3. I must admit this is a plot point I actively avoid where possible – having had a mercifully brief experience of dementia with my own mother before she died, I find it very hard to read about even when sensitively handled. Having said that, I agree with Bill that Tormod in The Lewis Man is an extraordinarily convincing and moving portrayal of a man with dementia, and of the difficulty his family is having on deciding on the best way for him to be cared for. We also see Ellie in the Dalzie & Pascoe books having to accept her father’s dementia and go to help her mother with his care.

    • I can completely understand your reluctance, FictionFan. Some topics/stories are just too close to home, as the saying goes. I think we all have those topics. But that said, yes, May handles this extremely well, I think. It’s convincing without being so overpowering as to be unbearable. And thank you for reminding me of Ellie’s father (I really need to re-read those novels!!!!). It’s a very effective depiction of how these care decisions impact everyone.

  4. Patti Abbott

    Also Kurt Wallander and his dad. Very sad indeed.

  5. Margot, if it weren’t for the children who look after their parents dutifully and lovingly, the elderly in India would be a doomed lot because, unlike in the West, we lack in-home or hospice care. We are lucky because of strong values that bind most families together. Aged and ailing parents usually stay with sons or daughters, and are looked after until their end.

    • Thank you, Prashant, for sharing the way Indian families band together to look after the elderly. As you say, it is fortunate that there is a high premium placed on caring for elderly parents and grandparents. It means that there is likely to be a caring home available for those who are no longer able to live independently. Even in a system that does have hospices and in-home care, those family bonds can be very important. It’s even more so when it’s not as easy to find ‘outside’ help.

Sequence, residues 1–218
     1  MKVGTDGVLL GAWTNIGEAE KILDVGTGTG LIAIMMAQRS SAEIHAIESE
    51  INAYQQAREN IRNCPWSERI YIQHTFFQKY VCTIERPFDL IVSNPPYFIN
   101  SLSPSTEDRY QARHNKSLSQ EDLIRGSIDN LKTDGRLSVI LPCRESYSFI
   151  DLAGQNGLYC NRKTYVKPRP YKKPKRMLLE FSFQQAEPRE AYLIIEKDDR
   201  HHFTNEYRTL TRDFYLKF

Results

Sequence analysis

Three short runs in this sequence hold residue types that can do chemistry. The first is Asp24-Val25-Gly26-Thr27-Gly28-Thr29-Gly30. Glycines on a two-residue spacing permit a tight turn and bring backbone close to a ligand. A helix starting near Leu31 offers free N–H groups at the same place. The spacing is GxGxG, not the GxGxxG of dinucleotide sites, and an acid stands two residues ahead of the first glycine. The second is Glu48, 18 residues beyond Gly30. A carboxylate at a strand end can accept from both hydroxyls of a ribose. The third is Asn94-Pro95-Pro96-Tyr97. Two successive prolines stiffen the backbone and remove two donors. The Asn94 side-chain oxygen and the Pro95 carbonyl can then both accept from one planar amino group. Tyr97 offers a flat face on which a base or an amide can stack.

6. Some really intriguing examples, though personally it’s the sort of topic that I wouldn’t want to see treated too dramatically or negatively anyway as I would just find it too depressing to be able to enjoy in a crime story – that’s just me of course 🙂

    • I don’t think it’s just you, Sergio. I think a lot of people find this particular topic difficult to read. And when it’s treated very dramatically, it just adds to the sorrow in the story.

  7. Col

    A subject that’s quite close to home. I think I read THE GHOSTWAY a few years ago but can’t recall too much about it.

  8. Fascinating topic, Margot. I’m reminded of an excellent crime novel I read (and reviewed), Elizabeth is Missing, by Emma Healey. Maud is suffering from dementia. All she knows for sure is that her friend, Elizabeth, is missing, but no-one believes her. The details of today are constantly being lost, while her memories of the past and the disappearance of her sister seventy years ago are as vivid as ever. It is not an easy read, but Maud’s dementia and her daughter’s efforts to cope are very well handled.

    • Thank you, Christine. And thanks so much for reminding me of Elizabeth is Missing. It’s been on my radar for quite some time, actually, and I just haven’t (yet) got to it. Good to know that something good is awaiting me when I get there.

  9. It took me awhile to return to this post because it is too close to home for me too. At this point, I don’t know if a subject like this in a fiction book would bother me or not. Probably depends on how it is handled.

    • I think that’s probably the case for a lot of readers, Tracy, especially those for whom it hits very close to home. Sometimes a topic is so intense and personal for a reader that it’s hard to read about it. And the way the author handles the topic really would make a difference.